In response to remarks made by President Ilham Aliyev of Azerbaijan, who called the OSCE Minsk Group co-chairs’ efforts to mediate a settlement to the Karabakh conflict “meaningless,” a spokesperson for the Artsakh Foreign Ministry said on Wednesday that Aliyev was shifting blame from himself for lack of progress in the peace talks.
Aliyev made the remarks and defended his country’s continued military threats during an interview broadcast in Azerbaijan on Monday. Artak Nersisyan, the Artsakh foreign ministry spokesperson said that Aliyev’s “tone and language go beyond fundamental diplomatic norms.”
“By accusing the OSCE Minks Group co-chairmen of inaction, the president of Azerbaijan is attempting to shift the blame from himself for the lack of results in negotiations process,” said Nersisyan.
“By hindering the restoration of the full-format trilateral negotiations, regularly challenging the principles of a peaceful settlement of conflicts and threatening use of force and encouraging racist behavior in its country, Azerbaijani authorities are deliberately creating additional obstacles in the process of the peaceful settlement of the Azerbaijan-Karabakh conflict,” explained Nersisyan.
The foreign ministry spokesperson said that when Artsakh was at the negotiating table at the onset of the OSCE Minsk Group process, there was more progress in the conflict settlement efforts. Therefore, he said, by refusing to include Artsakh in the talks “Azerbaijan is artificially delaying the process of peaceful settlement of the Azerbaijan-Karabakh conflict.”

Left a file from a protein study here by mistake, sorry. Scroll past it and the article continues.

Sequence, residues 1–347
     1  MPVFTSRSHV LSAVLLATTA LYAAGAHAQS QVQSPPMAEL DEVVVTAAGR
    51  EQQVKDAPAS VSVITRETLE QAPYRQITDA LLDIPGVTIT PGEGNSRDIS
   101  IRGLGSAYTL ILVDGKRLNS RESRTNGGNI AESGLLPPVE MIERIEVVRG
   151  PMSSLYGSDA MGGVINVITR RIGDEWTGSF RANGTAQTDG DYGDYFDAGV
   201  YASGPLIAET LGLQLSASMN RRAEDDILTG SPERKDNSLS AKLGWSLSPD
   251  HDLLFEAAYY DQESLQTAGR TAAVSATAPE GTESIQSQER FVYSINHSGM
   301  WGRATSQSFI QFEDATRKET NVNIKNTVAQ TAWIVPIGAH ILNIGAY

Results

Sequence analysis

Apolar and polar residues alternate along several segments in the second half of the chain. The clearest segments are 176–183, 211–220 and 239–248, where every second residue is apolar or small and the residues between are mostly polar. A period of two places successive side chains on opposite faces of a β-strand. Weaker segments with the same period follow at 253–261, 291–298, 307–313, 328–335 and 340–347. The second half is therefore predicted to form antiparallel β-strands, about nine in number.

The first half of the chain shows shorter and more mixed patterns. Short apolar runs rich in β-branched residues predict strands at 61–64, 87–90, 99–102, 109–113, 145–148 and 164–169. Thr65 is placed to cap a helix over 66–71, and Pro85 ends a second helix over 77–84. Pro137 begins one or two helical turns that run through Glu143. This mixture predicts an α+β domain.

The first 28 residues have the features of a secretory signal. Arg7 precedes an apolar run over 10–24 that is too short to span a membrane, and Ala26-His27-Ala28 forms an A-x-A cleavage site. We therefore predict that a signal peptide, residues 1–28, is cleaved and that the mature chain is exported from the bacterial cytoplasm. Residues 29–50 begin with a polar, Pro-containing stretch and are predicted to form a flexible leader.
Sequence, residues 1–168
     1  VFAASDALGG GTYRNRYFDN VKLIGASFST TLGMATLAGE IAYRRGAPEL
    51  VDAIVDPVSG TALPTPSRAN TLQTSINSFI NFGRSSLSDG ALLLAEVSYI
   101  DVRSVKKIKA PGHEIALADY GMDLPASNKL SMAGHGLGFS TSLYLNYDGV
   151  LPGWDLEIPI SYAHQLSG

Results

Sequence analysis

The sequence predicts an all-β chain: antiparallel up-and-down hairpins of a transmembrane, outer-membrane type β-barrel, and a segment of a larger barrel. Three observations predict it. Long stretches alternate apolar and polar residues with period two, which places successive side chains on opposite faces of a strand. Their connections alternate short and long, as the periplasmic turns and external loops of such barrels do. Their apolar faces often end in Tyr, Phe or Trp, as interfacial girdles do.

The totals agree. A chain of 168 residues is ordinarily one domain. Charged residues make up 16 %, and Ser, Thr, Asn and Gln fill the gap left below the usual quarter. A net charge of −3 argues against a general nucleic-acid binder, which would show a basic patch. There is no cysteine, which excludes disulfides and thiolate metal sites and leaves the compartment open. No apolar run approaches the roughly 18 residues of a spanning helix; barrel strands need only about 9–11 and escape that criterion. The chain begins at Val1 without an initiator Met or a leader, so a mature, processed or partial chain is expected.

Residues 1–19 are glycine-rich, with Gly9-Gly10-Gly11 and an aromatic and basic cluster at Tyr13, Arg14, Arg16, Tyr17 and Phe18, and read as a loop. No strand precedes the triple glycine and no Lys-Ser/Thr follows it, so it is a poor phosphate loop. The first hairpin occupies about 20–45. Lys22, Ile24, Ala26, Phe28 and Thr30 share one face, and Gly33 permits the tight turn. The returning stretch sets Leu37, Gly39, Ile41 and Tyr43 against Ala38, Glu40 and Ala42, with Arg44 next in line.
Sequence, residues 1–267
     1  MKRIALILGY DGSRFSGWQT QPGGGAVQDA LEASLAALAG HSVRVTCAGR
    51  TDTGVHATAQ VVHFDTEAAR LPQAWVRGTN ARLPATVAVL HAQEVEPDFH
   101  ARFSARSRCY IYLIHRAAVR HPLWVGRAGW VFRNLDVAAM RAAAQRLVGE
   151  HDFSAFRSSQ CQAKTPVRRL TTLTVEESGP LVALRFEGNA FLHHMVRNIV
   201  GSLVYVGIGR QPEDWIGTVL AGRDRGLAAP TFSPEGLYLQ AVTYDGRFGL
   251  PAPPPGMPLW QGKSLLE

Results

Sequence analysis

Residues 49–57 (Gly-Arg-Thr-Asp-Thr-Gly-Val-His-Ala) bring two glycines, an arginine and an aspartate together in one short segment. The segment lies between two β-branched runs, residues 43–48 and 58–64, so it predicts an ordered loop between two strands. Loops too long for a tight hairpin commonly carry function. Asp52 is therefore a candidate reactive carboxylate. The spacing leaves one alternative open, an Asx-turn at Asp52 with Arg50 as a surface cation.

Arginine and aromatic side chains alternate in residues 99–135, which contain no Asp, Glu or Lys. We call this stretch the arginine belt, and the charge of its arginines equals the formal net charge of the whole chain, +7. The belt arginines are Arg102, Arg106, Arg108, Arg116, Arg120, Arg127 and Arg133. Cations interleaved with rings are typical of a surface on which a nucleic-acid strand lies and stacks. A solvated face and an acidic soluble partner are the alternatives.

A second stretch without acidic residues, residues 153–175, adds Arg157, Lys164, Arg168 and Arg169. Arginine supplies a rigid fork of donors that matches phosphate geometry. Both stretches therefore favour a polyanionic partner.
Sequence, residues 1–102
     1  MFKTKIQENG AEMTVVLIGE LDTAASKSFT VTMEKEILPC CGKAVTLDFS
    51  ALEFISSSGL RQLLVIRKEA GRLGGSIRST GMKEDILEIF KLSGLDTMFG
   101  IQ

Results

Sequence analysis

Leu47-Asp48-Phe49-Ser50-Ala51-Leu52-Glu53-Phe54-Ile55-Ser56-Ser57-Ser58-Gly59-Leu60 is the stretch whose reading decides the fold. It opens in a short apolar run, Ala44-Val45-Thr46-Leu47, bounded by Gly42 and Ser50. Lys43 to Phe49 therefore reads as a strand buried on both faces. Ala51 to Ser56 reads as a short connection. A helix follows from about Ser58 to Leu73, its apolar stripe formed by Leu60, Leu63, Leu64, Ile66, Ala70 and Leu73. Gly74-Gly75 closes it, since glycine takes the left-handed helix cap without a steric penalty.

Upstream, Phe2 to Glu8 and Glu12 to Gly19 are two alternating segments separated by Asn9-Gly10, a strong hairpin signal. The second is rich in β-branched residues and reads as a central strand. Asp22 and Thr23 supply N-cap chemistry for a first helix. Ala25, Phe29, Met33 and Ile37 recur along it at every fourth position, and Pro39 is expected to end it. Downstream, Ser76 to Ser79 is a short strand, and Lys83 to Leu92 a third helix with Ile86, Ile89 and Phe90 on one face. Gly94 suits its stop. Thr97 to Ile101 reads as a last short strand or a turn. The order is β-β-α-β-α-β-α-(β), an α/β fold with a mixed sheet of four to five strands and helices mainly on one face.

The spokesperson called Aliyev’s continued efforts to revise history, by, for example, saying that Armenia is a historic part of Azerbaijan “ignorance of the part of Azerbaijan’s president.” However, he said, Aliyev’s “misconstruing of international law can pose a serious threat to peace and security in the South Caucasus.”
In the interview, Aliyev cited a United Nations charter, which allows nations to defend their boundaries, thus rationalizing his continued insistence on resolving the conflict through military means.
“In the context of the Azerbaijan-Karabakh conflict settlement, Azerbaijan’s reference to Article 51 of the UN Charter is completely groundless and is an unsuccessful attempt to mask its aggressive and militaristic policy,” said Nersisyan explaining that Azerbaijan was never subjected to aggression for the UN charter to apply to its claims. He pointed out that it was Azerbaijan that transformed a political issue into an armed conflict when it attacked Armenians in Artsakh when they wanted independence at the onset of the liberation movement, thus suppressing the right to self-determination of Artsakh’s population. Nersisyan also pointed out that when Artsakh, Azerbaijan and Armenia signed a ceasefire agreement in 1994, the military phase of the conflict. “In this regard, we consider it necessary to remind the Azerbaijani side that the resolution of international disputes by exclusively peaceful means is one of the fundamental principles of international law enshrined in the UN Charter,” said Nersisyan.
“Baku’s speculations that Article 51 of the UN Charter gives it the right to use force in the context of the Azerbaijan-Karabakh conflict were rejected by the international community in April 2016, when Azerbaijan launched a large-scale attack on Artsakh. The OSCE Minsk Group co-chairing states—the United States, Russia, and France—as well as the United Nations Secretary General, the OSCE Chairperson-in-Office and the Council of Europe Secretary General were unanimous on the need to strictly comply with the 1994 agreement on ceasefire and the 1995 agreement on its strengthening,” explained Nersisyan.
“Instead of senselessly accusing others for its own mistakes and miscalculations, Azerbaijan should strictly observe its commitments to a peaceful settlement of the conflict and conduct full-format negotiations in good faith,’’ said Nersisyan.